Marcus entered the room, accompanied by Servius Tullius, Lucius Tarquinius, and Young Marcus. Tullius had asked Tarquinia to remain at home until he returned with accurate news of the situation. A lictor was sent to inform the people that Lucumo had been savagely attacked, was wounded, and was being treated by his wife. They were asked to pray that their king would recover as swiftly as possible. The other guards and gawkers were asked to leave the room.

"We have to act quickly," Tanaquil said tightly. "My husband is dead. We will have our vengeance later. Right now, we must preserve the city. We must have a smooth transition of leadership. Chaos and confusion could lead to our downfall. You know that the Etruscans and the Latins are just waiting for the chance to march against us. We must not show weakness. We must think of Roma first right now, we can grieve later. Lucius, you know what your father wanted?"

"Yes, mother."

"Cneve wanted Servius to succeed him. He had said this to each of us, I believe. Do you agree Marcus?"

Old Marcus Junius nodded. Tanaquil continued.

"Servius Tullius, are you willing to serve? Are you ready to become the next King of Roma?"

"I am, Mother Tanaquil."

"And you, Celerum Tribune Marcus Junius, are you willing to support this transition with the force of the legion, if necessary?"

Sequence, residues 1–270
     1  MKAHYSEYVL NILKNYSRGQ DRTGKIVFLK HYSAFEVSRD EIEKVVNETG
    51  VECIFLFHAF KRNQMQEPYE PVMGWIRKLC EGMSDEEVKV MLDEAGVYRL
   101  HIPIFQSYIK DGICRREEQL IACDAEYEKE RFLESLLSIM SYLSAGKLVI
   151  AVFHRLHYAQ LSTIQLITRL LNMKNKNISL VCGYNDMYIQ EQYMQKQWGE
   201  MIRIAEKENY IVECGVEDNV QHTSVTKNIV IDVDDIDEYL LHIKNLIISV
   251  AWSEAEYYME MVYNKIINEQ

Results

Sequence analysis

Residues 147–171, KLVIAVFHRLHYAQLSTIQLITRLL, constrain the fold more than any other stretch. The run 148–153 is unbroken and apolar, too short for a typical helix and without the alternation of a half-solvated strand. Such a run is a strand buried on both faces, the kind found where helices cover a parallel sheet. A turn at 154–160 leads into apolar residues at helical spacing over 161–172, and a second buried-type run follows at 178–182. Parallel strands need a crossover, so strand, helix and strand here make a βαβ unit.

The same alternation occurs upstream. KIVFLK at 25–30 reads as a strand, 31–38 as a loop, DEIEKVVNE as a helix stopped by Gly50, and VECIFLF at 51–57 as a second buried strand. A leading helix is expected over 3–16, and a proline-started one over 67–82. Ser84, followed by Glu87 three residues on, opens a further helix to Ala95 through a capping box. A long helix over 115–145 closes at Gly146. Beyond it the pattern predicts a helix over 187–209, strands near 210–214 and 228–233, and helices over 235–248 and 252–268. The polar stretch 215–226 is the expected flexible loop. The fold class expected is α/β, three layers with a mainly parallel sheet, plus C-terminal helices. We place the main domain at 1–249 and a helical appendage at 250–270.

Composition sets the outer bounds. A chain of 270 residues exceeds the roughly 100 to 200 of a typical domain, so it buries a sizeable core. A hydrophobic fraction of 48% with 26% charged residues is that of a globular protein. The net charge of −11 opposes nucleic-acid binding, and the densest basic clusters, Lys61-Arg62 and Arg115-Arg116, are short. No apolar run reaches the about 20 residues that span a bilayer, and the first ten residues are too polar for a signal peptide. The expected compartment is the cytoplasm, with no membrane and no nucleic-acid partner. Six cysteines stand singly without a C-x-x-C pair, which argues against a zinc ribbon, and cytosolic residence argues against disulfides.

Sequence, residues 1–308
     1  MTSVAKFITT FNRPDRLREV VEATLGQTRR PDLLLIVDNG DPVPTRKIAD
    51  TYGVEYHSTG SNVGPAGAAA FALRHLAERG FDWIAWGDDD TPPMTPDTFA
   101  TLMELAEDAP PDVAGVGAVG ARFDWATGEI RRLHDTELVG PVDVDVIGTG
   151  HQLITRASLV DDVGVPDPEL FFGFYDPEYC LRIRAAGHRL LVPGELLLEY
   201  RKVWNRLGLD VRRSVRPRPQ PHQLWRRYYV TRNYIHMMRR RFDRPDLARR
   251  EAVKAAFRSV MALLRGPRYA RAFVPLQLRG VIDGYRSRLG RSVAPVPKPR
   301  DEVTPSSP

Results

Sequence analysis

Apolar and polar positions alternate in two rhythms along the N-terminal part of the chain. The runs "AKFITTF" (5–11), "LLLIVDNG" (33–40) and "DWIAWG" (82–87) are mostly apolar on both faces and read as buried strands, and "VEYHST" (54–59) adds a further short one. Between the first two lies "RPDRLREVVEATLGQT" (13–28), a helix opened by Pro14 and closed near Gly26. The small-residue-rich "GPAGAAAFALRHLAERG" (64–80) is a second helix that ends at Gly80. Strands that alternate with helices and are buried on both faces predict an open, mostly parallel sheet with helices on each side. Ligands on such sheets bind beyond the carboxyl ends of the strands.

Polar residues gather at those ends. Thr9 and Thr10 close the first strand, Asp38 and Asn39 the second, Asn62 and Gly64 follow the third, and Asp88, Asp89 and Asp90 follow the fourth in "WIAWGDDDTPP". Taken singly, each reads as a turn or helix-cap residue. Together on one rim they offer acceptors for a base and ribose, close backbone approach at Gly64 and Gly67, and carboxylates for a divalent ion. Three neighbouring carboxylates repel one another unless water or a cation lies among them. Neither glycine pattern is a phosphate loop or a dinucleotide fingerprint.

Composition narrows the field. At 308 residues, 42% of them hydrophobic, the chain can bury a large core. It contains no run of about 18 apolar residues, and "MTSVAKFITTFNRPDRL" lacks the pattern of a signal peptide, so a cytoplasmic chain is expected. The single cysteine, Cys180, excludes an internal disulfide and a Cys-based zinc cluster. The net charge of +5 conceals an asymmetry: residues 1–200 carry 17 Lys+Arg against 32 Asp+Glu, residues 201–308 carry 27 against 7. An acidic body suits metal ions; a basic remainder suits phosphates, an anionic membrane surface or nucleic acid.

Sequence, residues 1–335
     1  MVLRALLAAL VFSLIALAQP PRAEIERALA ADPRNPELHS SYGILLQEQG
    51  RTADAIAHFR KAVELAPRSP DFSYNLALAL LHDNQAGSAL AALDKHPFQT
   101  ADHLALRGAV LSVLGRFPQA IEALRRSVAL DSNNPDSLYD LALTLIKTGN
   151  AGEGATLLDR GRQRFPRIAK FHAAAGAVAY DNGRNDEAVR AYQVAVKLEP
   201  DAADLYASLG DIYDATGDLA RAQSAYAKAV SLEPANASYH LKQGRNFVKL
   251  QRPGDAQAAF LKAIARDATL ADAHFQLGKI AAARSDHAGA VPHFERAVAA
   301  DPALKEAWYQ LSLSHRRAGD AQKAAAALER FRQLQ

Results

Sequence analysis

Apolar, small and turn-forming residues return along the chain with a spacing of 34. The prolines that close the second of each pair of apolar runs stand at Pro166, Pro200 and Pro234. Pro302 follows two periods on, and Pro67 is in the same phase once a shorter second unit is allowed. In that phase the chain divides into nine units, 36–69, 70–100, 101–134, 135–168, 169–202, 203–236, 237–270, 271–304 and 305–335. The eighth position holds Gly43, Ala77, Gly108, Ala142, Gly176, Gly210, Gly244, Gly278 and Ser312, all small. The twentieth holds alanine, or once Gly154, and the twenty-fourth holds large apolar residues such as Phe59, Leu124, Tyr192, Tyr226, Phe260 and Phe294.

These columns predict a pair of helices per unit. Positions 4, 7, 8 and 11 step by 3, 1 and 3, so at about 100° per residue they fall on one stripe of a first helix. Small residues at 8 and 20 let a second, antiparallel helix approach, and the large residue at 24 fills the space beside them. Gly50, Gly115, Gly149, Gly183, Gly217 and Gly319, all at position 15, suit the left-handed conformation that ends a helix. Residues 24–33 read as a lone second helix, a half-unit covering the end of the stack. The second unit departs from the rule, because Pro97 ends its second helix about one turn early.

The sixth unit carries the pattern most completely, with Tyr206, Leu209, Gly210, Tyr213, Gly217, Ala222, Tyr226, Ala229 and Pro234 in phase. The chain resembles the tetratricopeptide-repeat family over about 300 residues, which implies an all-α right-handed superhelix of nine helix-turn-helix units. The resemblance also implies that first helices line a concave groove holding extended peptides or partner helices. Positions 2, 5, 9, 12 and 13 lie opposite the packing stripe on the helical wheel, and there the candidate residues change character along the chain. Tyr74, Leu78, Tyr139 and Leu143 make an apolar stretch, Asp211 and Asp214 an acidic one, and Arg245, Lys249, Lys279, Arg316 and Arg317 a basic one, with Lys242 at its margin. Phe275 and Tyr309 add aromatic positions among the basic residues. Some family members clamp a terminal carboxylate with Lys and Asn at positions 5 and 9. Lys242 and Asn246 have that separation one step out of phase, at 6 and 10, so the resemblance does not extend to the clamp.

"It is what Cneve wanted," Marcus replied. "Yes, Tanaquil, I am willing. For the good of Roma."

"Lucius, young Marcus, do we have your support as well?"

Both men nodded.

"I will speak to the people shortly. In the meantime, we must pretend that my husband is just wounded, and govern in his name. Marcus, please have some guards bring a litter and carry my husband to our home. I would also appreciate some guards to ensure our privacy. Now let us see who dares attack the King of Roma."

Half of the legion was now milling with rest of the crowd filling the Forum. Marcus spoke to a few of his centurions and arrangements were made to move their precious Lucumo to his home and guard his safety. The shepherds were in custody and it was all the soldiers could do to keep the people from tearing them apart limb from limb. Tanaquil marched up to them and recognized them at once.

"Ancus Marcius Priscus and Scaevola! You have dishonored the memory of your good father. How could you do this?"

Rage choked Tanaquil from saying anything more. Arruns had taken command of the Regia guards and ordered them to remove the murderers to the pit of Carcer.

"Make sure they stay in the pit, but do not harm them. The people will have their justice. Understand?"

The guards understood. They saluted and manhandled the two brothers to the pit at the foot of the Capitoline, throwing them in without ceremony. The pit was ringed with people who spit on the murderers and shouted insults and dire threats of horrible revenge. Dare to touch their beloved Chief? No torture could be terrible enough to satisfy their outrage.

Tanaquil addressed the people.

"My husband, your king, has been attacked. He was stunned by a sudden blow, but the weapon did not penetrate deeply, and I personally dressed his wound. He has already recovered consciousness and I sent him home for rest. I am confident you will see him again soon. In the meantime it is the wish of King Lucius Tarquinius that his people recognize the authority of Servius Tullius, who will administer justice and discharge the other functions of office. Now, please disburse. I will tell my husband of your prayers and good wishes, though he has always known what is dear to you. Please, go home."